The Changing Workscape: Working the Flexible Way

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Study after study, survey after survey, all the research shows that professional workers are willing to forgo a lot, particularly in terms of pay/compensation, in exchange for a flexible work situation.

Many companies offer flexible work arrangements – however slowly (and it is slow, almost imperceptible, according to the Families and Work Institute’s (FWI) 2012 National Study of Employers Report, which states that less than three percent of salaried employees work mainly from home while 90 percent of job seekers state that “flexibility” is one of the most important factors in their search), the trend is moving in that direction. This is not true across the board, of course, and probably depends quite a lot on the company, the particular job and all kinds of internal factors. Many companies allow employees to negotiate flexible hours or work-at-home days, particularly once they have worked in a company for long enough to prove their worth and responsibility. I have seen this work in my favour in most of my professional situations, especially working in Scandinavia. FWI data may support the idea that the job market and its employers are not bending over backwards to offer flexible options to employees, but I’d argue that – so far – it is simply not something that has been accepted en masse or as de rigueur. Flexible arrangements are often negotiated today on an individual level – but eventually we will hopefully see companies begin to embrace the demand for flexibility – the talent out there is hungry for it.

A Today.com article cites a 2012 Mom Corps survey that explains that almost half of working adults would choose a lower salary/pay cut in order to gain more flexibility. Just over 50 percent went so far as to state that they would consider starting their own businesses to facilitate the kind of freedom and flexibility they value.

Over on the Officevibe website, there’s an article discussing the top ten reasons why a company’s employee engagement program will fail – high atop the list is the “lack of focus on intrinsic motivation”. This aligns with the idea that employees are motivated from within by factors that are often much more complex – and possibly easier to work with – than money. Virtually every study or article will highlight that monetary compensation is important – but it is not what gets most professional and creative people out of bed in the morning. (Needless to say this article has a lot of good points about what hinders employee engagement.)

The findings are further echoed by the Chartered Institute of Personnel Development and its study in 2012, as reported, for example, in the Financial Times and The American Interest blog: flexible work arrangements were the number one employee priority.

And while it’s clear that employees are asking for flexwork and would benefit from it, there is also a very clear business case for it – employee happiness and satisfaction leading to employee retention, higher productivity and being able to choose and keep the cream of the crop in terms of employee talent. A 2012 Forbes article champions these same employee morale-building-and-boosting principles but points out that allowing for flexibility is not technically a benefit the company offers to employees because it actually costs no money and can end up saving the company money – directly and indirectly.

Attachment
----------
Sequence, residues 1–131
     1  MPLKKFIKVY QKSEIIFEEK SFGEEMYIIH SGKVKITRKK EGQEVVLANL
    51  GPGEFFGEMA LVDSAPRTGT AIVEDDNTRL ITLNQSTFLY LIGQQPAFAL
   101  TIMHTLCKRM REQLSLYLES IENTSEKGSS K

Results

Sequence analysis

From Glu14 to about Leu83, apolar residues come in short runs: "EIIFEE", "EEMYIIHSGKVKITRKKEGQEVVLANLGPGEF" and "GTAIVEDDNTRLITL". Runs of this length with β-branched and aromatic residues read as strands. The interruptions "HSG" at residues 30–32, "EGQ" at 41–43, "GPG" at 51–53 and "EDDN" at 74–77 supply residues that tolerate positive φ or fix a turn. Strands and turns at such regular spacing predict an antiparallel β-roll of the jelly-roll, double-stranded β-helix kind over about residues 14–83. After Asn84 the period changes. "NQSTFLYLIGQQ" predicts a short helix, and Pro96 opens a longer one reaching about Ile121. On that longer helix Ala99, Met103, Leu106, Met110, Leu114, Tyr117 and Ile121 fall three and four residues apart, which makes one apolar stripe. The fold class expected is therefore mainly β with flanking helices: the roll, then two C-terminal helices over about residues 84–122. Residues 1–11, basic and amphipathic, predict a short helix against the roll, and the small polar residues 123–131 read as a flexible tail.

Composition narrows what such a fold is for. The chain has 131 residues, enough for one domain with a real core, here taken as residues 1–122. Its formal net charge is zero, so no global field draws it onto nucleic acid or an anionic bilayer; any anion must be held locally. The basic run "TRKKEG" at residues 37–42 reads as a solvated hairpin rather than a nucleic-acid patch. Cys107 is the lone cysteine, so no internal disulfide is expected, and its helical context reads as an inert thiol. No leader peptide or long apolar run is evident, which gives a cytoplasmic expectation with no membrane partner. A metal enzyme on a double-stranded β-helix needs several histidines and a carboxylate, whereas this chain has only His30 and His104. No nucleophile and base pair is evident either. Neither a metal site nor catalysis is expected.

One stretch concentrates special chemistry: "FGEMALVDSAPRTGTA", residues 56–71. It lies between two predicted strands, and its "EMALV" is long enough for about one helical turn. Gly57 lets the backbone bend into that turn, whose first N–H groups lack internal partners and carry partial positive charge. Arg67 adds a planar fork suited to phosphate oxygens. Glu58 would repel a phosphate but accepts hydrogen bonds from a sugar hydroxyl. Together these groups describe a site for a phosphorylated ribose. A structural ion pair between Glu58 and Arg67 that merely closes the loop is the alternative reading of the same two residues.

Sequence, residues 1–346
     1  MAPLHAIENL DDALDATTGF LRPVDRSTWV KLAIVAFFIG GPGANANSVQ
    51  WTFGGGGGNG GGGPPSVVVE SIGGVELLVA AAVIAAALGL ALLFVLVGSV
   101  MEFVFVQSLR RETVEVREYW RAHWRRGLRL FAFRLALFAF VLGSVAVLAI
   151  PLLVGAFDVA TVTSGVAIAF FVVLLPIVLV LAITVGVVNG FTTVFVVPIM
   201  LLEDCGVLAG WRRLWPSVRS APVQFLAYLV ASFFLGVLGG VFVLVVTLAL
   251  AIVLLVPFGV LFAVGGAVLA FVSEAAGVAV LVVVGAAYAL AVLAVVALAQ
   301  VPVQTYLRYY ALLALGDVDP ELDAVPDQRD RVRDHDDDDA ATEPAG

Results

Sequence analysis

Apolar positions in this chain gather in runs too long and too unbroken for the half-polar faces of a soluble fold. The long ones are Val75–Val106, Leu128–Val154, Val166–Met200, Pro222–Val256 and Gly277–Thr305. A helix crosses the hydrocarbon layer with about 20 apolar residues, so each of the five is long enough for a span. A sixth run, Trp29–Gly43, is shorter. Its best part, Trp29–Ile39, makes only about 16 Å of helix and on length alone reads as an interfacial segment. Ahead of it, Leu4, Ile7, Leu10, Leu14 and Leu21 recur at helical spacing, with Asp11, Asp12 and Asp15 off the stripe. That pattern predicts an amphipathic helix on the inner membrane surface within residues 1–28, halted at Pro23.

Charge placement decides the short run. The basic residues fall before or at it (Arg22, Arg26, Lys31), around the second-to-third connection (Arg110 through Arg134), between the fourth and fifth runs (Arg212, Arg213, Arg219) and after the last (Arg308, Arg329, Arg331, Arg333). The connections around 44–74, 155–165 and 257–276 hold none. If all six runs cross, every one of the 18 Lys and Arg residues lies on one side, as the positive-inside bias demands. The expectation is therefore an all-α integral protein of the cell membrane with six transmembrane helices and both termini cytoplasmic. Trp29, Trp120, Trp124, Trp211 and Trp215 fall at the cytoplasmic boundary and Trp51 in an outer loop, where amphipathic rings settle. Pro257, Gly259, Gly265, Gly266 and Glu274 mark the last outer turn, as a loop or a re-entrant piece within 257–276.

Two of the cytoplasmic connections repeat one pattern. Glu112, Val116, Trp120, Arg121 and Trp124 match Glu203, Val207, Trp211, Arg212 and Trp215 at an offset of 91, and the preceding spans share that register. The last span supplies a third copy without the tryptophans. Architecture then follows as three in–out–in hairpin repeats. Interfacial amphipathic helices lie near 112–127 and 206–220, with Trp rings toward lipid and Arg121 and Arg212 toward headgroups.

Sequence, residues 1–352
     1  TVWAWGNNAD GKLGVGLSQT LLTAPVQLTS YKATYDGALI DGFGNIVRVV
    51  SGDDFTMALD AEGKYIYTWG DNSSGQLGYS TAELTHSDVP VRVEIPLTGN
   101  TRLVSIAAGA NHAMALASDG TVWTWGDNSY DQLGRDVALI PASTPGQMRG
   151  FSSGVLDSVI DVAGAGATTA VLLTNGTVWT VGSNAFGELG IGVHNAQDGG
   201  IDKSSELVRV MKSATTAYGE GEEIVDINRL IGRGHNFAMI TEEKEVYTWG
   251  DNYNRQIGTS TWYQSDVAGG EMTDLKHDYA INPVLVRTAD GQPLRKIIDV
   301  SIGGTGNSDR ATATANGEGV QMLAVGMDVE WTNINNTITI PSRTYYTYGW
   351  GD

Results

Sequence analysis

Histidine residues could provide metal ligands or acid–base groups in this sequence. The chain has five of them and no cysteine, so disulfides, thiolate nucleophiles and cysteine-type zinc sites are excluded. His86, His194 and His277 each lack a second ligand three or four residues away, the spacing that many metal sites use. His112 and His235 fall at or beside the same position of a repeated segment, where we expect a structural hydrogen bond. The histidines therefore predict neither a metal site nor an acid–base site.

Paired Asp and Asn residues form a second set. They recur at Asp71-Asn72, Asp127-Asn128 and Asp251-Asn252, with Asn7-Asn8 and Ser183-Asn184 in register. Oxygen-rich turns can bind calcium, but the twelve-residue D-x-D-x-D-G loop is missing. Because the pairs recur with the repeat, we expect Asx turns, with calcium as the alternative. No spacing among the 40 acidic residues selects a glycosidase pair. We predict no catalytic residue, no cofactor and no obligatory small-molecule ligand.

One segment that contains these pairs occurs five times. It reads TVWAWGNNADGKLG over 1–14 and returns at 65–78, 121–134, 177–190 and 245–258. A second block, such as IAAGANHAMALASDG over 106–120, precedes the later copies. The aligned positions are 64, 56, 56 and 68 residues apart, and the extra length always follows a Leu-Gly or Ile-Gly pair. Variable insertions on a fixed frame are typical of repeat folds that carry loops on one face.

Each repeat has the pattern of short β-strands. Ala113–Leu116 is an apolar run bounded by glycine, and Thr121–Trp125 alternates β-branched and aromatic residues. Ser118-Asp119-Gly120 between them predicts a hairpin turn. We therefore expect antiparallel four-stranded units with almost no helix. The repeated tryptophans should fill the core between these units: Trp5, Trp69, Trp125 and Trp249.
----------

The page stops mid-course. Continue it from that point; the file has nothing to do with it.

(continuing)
With surveys, data and studies that go back for years showing both the tangible benefits and the demand for flexwork, I struggle still to understand why adoption has been so slow in the real world.

Why I Changed My Mind: Cheesy TV Action Shows

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We can’t be highbrow all the time, can we? My personal tastes – those that really speak to me and mean something to me – seem to align with the PBS and arthouse/foreign film crowd. But, as a multitasker, I like mindless entertainment to play in the background while I focus on other things. This realization dawned on me after quite some time, when I finally succumbed to the fairly harmless and unrealistic lure of TV action shows.

At some point I fell under the charming and sometimes hilarious spell of Burn Notice. Stretching believability in every episode, I could set aside all concerns about reality, what could actually happen and suspend all highbrow notions and get lost in the Miami world of burned CIA covert officer, Michael Westen, and his merry band of vigilante co-conspirators. The show had a number of one-time and running jokes (notably, when Tyne Daly guest starred to play opposite series regular Sharon Gless, reuniting the TV cop duo Cagney & Lacey; the character Sam Axe – played by the inimitable Bruce Campbell – always gave his cover identities the name “Chuck Finley”, which is not funny and means nothing to non-baseball fans). Burn Notice went on for a number of seasons, and though it ended in a satisfactory way, and I thought I was ready for it to end – I miss my mindless action show!

I have shifted my allegiances and started watching the remake of Hawaii Five-0, which is actually full of fun and interesting characters. Not deep characters, not deep stories, not great acting. But it’s enough to fill the need for mindless laughs and action. Scott Caan uses humor to escape the shadow of his actor father, James Caan and plays well off his counterpart and Five-0 partner, Steve McGarrett, played by Alex O’Loughlin (I’d only seen him in the late, great The Shield before this). I am thrilled to see Grace Park in this after her killer role in one of my all-time favorites, Battlestar Galactica. With all the cast chemistry, casual fun, Hawaiian views (me being an island-born Honolulu girl), the updated version of the original theme song (who doesn’t love that?) and Magnum PI references, this should satisfy my need.